Residents in affordable housing across San Jose and Palo Alto have access to free food through an effort to prevent food waste and provide support to low-income families.
First Community Housing, a nonprofit affordable housing developer, is offering free groceries in a pilot program at Iamesi Village in downtown San Jose and Curtner Studios near Guadalupe Parkway. Alta Housing is also providing free food to its Colorado Park residents in Palo Alto through the same program.
Residents can access fresh fruits and vegetables, packaged goods and meat provided by San Jose-based Martha’s Kitchen, a nonprofit soup kitchen. The program is still in its pilot phase and contributors are trying out different methods of distribution to make the process easily accessible to residents. Food is currently distributed three times a week at the First Community Housing sites, to increase accessibility for residents who work.
Edith Figueroa, community impact programs manager for First Community Housing, said what makes this program special is that residents have access to food in their homes and outside of the work day.
“The fact that we’re able to do this for our residents is a privilege,” Figueroa told San José Spotlight.
The program is funded until September with $159,100 from a grant given to the Santa Clara County Public Health Department through the CalFresh Healthy Living Program. Depending on the success of the pilot, funding could continue for the next three years.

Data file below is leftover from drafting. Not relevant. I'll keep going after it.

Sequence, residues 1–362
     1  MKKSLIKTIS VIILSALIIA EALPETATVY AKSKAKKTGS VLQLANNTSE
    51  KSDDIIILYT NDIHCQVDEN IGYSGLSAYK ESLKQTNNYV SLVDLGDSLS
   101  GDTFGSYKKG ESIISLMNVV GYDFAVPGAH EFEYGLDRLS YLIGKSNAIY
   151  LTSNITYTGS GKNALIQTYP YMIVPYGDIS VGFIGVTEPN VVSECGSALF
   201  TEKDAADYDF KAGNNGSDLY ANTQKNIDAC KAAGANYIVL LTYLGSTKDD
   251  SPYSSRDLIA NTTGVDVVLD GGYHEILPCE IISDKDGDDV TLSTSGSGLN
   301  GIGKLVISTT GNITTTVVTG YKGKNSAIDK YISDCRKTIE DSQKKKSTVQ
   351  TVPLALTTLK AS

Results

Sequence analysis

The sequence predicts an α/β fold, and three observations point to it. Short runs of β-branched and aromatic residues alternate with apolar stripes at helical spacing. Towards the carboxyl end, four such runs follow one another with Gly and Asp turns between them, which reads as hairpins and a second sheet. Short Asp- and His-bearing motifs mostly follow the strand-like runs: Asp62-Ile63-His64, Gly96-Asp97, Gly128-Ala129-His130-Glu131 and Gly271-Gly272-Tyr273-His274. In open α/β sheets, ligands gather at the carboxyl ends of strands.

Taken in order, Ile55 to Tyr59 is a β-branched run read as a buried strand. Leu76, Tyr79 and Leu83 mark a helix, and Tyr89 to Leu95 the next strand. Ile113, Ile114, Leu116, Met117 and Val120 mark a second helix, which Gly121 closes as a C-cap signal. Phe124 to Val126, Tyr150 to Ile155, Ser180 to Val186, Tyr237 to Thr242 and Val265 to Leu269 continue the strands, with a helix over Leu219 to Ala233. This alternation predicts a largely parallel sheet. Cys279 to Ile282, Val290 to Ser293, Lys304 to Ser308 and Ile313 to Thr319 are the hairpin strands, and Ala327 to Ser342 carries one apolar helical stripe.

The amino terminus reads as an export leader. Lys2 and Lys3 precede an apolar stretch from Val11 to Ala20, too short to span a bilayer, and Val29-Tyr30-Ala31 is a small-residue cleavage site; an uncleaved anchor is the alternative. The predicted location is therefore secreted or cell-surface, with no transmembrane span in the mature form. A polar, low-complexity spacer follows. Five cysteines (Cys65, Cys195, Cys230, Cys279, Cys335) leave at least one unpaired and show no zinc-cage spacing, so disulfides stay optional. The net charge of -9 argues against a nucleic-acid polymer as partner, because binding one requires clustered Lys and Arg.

“Programs like this are essential to be able to provide food to people that have particular needs,” Joanne Seavey, county public health department program manager for food systems and active living, told San José Spotlight.
Alta Housing did not respond to requests for comment.
Robin Martin, executive director of Joint Venture Silicon Valley’s food recovery initiative, said the concept was spurred by working with Stanford University students to reduce food waste. The idea was to take quality surplus food being thrown away by restaurants, grocery stores and colleges and give it to residents facing food insecurity. Joint Venture facilitates the pilot program at the affordable housing sites.
“We want to be a part of that solution, feeding folks that need us,” Martin told San José Spotlight.
Food insecurity has worsened in Silicon Valley over the last few years. Roughly 155,000 residents received help last year from CalFresh, also known as the California Supplemental Nutrition Assistance Program, according to the 2023 Silicon Valley Pain Index—a report that focuses on racial discrimination and wealth inequality. More than 16,800 residents have received free food in the last year from a market hosted at Mexican Heritage Plaza—and local food bank Second Harvest of Silicon Valley is serving more than 500,000 residents every month. Loaves & Fishes Family Kitchen now prepares close to 2 million hot meals.
Bill Lee, executive director of Martha’s Kitchen, said the pilot program could scale up to a larger level to help those who need access to food.
“We don’t want our neighbors to go hungry,” he told San José Spotlight.
The program helps residents facing food insecurity maintain a healthier diet, while also aiding the climate through reducing food waste.
“It’s a win-win for everybody in order to make sure that residents of our county are getting the healthiest life possible,” Seavey said.
Joint Venture Silicon Valley hopes to expand the program in October after learning from the pilot phase.
We’re thinking of way more ways to get recovered food to folks that need it,” Martin said.